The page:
Alaska Increases Project Costs for Ketchikan Bridge

Sat March 31, 2007 - West Edition
CEG



KETCHIKAN, Alaska (AP) State highway officials have increased their estimate of the costs of a bridge project to the island containing Ketchikan’s airport by a whopping $67 million.

The new estimate, adjusted for future inflation and rising material costs, puts the cost at $395 million, a figure included in a new financial plan submitted to the federal government.

Mal Menzies, southeast regional director of the Alaska Department of Transportation, said the cost is still estimated at $328 million in 2006 dollars.

“The cost of inflation and materials is the biggest contributor,” Menzies said.

The financial plan extends through the life of the contract, which is expected to last until 2011 or 2012, he said. The federal government requires the Transportation Department to consider higher material costs and inflation on what today’s dollars will be worth in 2011, he said.

The preferred alternative for the project is a set of two spans crossing from Revillagigedo Island, where most of Ketchikan’s residents live, to tiny Pennock Island, with a second bridge crossing to Gravina Island, the location of the airport.

One span would be 200-ft. (60 m) high, crossing the Tongass Narrows east channel. The other would be 120-ft. (36.5 m) high over the west channel.

The 200-ft. bridge would allow cruise ships to pass. The 120-ft. high bridge would allow passage for Columbia-class Alaska Marine Highway System ferries.

“The preferred alternative is the community’s preferred alternative,” Menzies said. “We at the Department of Transportation had suggested to the community, as well as government bodies, to look at lesser costs of bridges and discuss them to see if one is more reachable with funds available.”

Menzies said a less expensive alternative would have a 60-ft. (18 m) bridge over the east channel with the second bridge at 200 ft. The estimated cost of constructing that alternative is approximately $242 million. The 60-ft. clearance would allow passage to state ferries and most other marine traffic — but not cruise ships.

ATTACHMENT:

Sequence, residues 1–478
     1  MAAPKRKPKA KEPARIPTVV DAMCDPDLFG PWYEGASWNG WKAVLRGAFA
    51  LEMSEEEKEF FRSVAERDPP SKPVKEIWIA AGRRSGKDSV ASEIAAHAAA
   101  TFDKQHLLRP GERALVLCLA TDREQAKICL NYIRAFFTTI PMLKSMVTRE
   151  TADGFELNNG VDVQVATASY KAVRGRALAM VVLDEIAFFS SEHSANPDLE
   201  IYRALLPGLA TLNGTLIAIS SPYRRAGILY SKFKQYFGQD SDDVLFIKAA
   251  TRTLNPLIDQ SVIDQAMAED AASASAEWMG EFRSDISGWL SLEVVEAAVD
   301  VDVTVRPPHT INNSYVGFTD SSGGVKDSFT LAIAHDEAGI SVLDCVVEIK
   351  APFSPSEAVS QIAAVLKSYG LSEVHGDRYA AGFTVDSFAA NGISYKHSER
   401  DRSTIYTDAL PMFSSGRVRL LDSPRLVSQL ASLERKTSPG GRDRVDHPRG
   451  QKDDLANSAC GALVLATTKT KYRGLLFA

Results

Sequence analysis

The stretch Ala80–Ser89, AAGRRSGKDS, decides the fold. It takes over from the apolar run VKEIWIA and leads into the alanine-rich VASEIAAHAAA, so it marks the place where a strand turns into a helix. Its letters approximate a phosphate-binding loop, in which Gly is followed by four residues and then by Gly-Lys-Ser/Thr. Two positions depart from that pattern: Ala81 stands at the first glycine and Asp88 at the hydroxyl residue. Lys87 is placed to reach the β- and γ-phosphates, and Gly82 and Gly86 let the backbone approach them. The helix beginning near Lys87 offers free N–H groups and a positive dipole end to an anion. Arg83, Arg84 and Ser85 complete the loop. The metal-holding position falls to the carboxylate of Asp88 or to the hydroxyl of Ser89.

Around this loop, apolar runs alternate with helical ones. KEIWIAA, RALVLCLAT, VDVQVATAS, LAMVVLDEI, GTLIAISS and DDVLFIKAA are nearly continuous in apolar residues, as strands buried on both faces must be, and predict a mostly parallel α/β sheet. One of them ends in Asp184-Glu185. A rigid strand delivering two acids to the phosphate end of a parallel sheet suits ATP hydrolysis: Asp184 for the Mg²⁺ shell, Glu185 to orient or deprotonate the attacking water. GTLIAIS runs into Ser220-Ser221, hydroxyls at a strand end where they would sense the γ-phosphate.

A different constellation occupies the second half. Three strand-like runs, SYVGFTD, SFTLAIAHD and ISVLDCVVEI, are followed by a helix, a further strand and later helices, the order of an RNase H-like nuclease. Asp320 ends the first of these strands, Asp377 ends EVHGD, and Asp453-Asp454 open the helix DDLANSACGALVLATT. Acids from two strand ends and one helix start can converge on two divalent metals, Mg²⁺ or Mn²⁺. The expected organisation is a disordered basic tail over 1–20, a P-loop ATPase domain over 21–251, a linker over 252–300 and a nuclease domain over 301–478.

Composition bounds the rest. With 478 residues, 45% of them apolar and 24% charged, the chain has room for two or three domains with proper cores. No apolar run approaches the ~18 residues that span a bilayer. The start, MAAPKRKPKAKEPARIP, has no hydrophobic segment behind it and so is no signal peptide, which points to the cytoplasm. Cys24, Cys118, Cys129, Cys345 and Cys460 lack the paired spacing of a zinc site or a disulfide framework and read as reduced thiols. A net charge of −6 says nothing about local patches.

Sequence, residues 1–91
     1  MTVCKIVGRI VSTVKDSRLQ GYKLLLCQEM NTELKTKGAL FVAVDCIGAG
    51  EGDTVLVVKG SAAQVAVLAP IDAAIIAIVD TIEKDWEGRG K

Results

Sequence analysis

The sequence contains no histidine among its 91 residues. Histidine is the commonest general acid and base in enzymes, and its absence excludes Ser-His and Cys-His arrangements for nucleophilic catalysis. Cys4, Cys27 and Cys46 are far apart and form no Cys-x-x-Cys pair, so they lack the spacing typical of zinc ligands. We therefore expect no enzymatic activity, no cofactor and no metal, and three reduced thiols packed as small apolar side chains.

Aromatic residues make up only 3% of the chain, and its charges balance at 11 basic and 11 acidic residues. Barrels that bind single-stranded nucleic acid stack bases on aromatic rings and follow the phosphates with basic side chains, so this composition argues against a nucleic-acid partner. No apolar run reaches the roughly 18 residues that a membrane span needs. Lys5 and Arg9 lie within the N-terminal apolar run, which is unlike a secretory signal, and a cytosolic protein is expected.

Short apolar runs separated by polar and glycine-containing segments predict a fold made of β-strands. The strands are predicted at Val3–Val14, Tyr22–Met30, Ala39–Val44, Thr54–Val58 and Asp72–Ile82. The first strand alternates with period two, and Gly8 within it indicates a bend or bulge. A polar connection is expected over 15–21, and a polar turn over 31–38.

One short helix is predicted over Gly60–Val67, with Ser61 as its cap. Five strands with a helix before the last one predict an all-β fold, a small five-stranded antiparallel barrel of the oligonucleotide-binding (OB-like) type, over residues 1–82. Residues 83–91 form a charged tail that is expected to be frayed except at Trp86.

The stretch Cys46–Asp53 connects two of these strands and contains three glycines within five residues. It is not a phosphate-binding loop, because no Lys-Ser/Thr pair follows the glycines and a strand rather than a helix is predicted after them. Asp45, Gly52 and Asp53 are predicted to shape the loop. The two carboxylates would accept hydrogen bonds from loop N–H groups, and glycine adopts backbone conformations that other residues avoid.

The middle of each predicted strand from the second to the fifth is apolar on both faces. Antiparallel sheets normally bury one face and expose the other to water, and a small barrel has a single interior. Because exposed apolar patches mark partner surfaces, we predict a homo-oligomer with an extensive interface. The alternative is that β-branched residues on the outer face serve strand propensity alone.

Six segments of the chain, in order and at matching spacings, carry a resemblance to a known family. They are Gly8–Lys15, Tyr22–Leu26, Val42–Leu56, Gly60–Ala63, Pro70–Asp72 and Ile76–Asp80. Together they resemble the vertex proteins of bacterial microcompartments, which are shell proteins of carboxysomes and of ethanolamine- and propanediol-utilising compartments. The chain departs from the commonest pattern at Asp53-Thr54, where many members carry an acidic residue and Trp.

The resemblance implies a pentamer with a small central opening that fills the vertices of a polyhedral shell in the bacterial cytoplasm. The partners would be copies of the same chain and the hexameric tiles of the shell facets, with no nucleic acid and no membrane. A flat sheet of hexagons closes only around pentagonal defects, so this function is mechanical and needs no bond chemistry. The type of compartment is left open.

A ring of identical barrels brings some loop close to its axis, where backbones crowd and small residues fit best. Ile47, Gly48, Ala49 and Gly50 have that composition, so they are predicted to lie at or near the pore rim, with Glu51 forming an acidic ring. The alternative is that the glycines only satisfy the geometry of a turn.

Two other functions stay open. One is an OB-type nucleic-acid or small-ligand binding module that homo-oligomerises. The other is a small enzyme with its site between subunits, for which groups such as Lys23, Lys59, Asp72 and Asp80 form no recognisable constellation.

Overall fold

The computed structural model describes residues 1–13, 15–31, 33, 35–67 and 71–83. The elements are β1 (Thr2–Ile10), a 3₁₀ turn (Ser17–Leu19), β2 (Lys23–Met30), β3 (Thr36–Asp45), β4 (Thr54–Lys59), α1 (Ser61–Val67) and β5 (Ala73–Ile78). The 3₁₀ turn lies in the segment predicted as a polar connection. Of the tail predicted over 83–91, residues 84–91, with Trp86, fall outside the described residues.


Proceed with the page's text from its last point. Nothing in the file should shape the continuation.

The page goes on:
“The driving force of the high bridges are the tour ships,” he said.

Another alternative is a single bridge direct to the airport with an estimated cost of $260 million. The $242 million and $260 million figures for alternate bridges have been adjusted for inflation, according to Menzies.

Borough Mayor Joe Williams said he was informed of the increased estimate by Andy Hughes, a state transportation official.

“I certainly found it very interesting,” Williams said. He called the $395 million “a lot of money.”

Until the community tells him otherwise, he will continue to work toward obtaining funds for the preferred alternative, he said.

“Right at this point, the community of Ketchikan has been on record to construct the bridge,” he said.

City of Ketchikan Mayor Bob Weinstein said he thought the state had always over-inflated the Ketchikan project while underestimating other projects, such as the Juneau access road.

“The city is for improved access to Gravina as long as it doesn’t block our navigation channels as some of the non-preferred alternatives do,” he said.

Former Gov. Frank Murkowski in his recommended budget to Gov. Sarah Palin included $195 million for Ketchikan’s bridges. That proposed funding is not in Palin’s recommended budget.

The project has been criticized nationally as a “road to nowhere.”

In 2005, Congress stripped off earmarks of federal funds for the Gravina bridge but sent the $223 million to the state. Much of that money was diverted to other state projects. Only $91 million of federal receipts was left for the Gravina Island bridge in the state’s FY07 enacted capital budget.

Charles Fedullo, Palin’s deputy press secretary, said there is not money in Palin’s capital budget for the project at this time.

“The governor introduced the base capital budget with projects only that would leverage additional federal dollars,” Fedullo said.

Menzies said the state has awarded a $25.7 million contract to Kiewit Pacific of Anchorage to build the Gravina Island Highway, a 3.2-mi. gravel road ending near the west channel.

Construction on the highway could start by mid-summer, he said.